Author: Tony Xavier

How to approach the Indian B-School Personal Interview

Now that we are done with the Achievers Workshops there is more breathing space to do some writing that captures the essence of the closing session that I took at the NAW. The IIM interview season has already started and aspirants would be trying to get as many insights as they can right from how to dress for the interview to how to reduce India fiscal deficit without affecting our growth! Amidst all of this clutter, how does one go in with the right perspective? What is the state of mind with which one should approach an interview? How you approach an interview will make all the difference.

Work with us

As most of my students would know, I have been with IMS for more than a decade now. But I started teaching for aptitude tests way back in the past, right after my graduation while preparing for the CAT a second time around. At that time I felt that the teaching stint had a great role to play in my cracking the CAT; I felt the teaching made my thought process very clear when faced with a problem since one has to have utmost clarity of thought to explain a problem in such a way as many students understand the solution right away. Also one is always looking to find better, cleaner or to put it simply more elegant solutions to problems. Over the past year, I have interacted with a lot of students across the country who are readers of the blog, so I was wondering if any you might be interested in working in the Learning Management Department along with Amit Sir, Parameshwar Sir, Shashank Prabhu Sir, and me (IMS students will be …

Why every WAT-GD-PI call-getter should write the IIM-B SOP

One of the things about preparing for a b-school personal interview, especially that of an old IIM, is that one struggles to find a structure to prepare for what can potentially be the most random 20 minutes of one’s life. I am sure my previous post, despite my intentions, would have scared readers rather than re-assured them. So let us see how you can bring some structure into your PI Prep.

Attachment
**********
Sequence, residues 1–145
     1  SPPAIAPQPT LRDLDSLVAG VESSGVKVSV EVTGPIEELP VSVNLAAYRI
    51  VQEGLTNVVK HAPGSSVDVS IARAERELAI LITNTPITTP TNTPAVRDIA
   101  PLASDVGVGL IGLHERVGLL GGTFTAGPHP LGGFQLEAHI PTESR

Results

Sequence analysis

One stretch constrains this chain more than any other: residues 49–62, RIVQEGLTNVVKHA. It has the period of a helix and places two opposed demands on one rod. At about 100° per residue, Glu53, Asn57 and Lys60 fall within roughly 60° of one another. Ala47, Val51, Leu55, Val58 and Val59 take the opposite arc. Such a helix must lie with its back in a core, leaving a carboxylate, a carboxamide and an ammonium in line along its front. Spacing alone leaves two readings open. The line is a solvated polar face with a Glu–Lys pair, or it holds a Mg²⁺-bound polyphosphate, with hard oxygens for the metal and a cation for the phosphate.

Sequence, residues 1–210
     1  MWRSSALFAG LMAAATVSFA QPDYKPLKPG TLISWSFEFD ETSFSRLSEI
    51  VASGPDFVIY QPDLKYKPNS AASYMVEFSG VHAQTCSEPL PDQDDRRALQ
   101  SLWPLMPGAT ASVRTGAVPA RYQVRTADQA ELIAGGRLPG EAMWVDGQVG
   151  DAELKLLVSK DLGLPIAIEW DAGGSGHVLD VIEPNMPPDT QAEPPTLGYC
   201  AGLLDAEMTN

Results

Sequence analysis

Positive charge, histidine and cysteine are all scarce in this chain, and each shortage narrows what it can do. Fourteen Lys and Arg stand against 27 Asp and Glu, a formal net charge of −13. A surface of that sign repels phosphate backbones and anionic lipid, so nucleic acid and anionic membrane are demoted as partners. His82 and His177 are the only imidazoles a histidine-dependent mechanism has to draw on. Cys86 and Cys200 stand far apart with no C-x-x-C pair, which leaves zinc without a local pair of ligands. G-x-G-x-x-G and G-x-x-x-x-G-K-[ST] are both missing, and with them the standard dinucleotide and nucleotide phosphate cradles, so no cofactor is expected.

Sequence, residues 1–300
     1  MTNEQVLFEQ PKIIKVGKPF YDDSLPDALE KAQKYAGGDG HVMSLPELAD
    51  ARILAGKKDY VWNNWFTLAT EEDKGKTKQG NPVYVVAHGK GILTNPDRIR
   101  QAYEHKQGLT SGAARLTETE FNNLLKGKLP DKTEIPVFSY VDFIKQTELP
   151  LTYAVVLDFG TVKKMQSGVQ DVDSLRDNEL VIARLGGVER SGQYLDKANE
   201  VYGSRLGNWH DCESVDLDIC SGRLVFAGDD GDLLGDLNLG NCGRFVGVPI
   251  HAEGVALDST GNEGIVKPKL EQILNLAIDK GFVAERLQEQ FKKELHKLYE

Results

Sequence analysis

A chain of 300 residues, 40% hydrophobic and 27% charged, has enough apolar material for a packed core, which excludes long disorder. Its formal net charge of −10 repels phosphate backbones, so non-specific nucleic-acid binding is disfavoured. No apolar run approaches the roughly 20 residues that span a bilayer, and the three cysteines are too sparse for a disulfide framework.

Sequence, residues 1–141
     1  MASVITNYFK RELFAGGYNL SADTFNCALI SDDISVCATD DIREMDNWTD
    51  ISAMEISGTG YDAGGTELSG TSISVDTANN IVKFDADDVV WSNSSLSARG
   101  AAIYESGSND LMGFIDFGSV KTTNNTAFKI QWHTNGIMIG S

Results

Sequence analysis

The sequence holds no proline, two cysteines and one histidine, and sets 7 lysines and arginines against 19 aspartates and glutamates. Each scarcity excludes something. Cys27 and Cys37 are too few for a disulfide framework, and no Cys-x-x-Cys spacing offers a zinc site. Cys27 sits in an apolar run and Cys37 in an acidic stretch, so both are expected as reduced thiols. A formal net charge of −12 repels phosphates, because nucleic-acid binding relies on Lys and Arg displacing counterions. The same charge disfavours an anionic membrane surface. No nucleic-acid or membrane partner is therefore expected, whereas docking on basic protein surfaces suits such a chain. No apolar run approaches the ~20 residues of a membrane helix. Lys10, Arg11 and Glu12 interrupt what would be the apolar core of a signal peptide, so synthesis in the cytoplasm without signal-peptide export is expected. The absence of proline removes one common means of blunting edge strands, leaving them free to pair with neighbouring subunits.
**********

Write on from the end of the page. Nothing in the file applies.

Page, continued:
Preparing for a pandemic PI

Now that the CAT scorecard is out, the time to start preparing for WAT-GD-PI has come. But how does one go about it? Especially in a year, or should I say season, such as this (somehow I feel that the New Year will truly start only when the mask becomes unnecessary, until then we are living in the pandemic’s orbit not the planetary orbit). From what we know so far some of the schools — FMS, SPJIMR, TISS, and IMT — have already announced an online PI and others such as IIM-K have scrapped the GD. I think we will not be too far off the mark in assuming that this year the only process will be an online PI — a bulk of the professors are not really young, spring chickens with tons of immunity to go around, so getting them to travel to different cities and conduct interviews even as the vaccine is getting rolled out is not a risk that professors and schools will be willing to take. And if it is …

A timing strategy for the XAT

  I never thought I will be doing a timing strategy post since the CAT has gone with fixed sectional time-limits for a long time now. But a reader asked for one for the XAT and thought it might not be a bad idea to do a short post on the same. I have always preferred a test without sectional time-limits since it tests a crucial quality required for management — optimizing resources to achieve maximum return on investment. In this case, the resources are your own skills and the investment is your time.  So how does one go about using the 165 minutes on the XAT?

How to crack XAT Decision Making – Part II

In the previous post ,we discussed how Decision Making can be the undoing of XAT aspirants and tried to understand the nature of questions that come up on the section. We took up two sets from the Decision Making section of a past XAT and discussed a structure to answer DM questions. In this post, we shall look at the remaining questions from that paper.

How to crack XAT Decision Making – Part I

One of the most tedious and inscrutable sections that you will find across all management entrance tests, Decision Making has been the nemesis of many a XAT aspirant. A lot of factors contribute towards DM possibly being the biggest stumbling block on the XAT. But none is bigger than the fact the amount of time any test-taker would have spent preparing for DM when compared to any other section is minuscule. This coupled with the dislike and unease most aspirants have towards reading, and the extremely subjective nature of questions ensures that DM ends up becoming the deal-breaker as far as the XAT is concerned.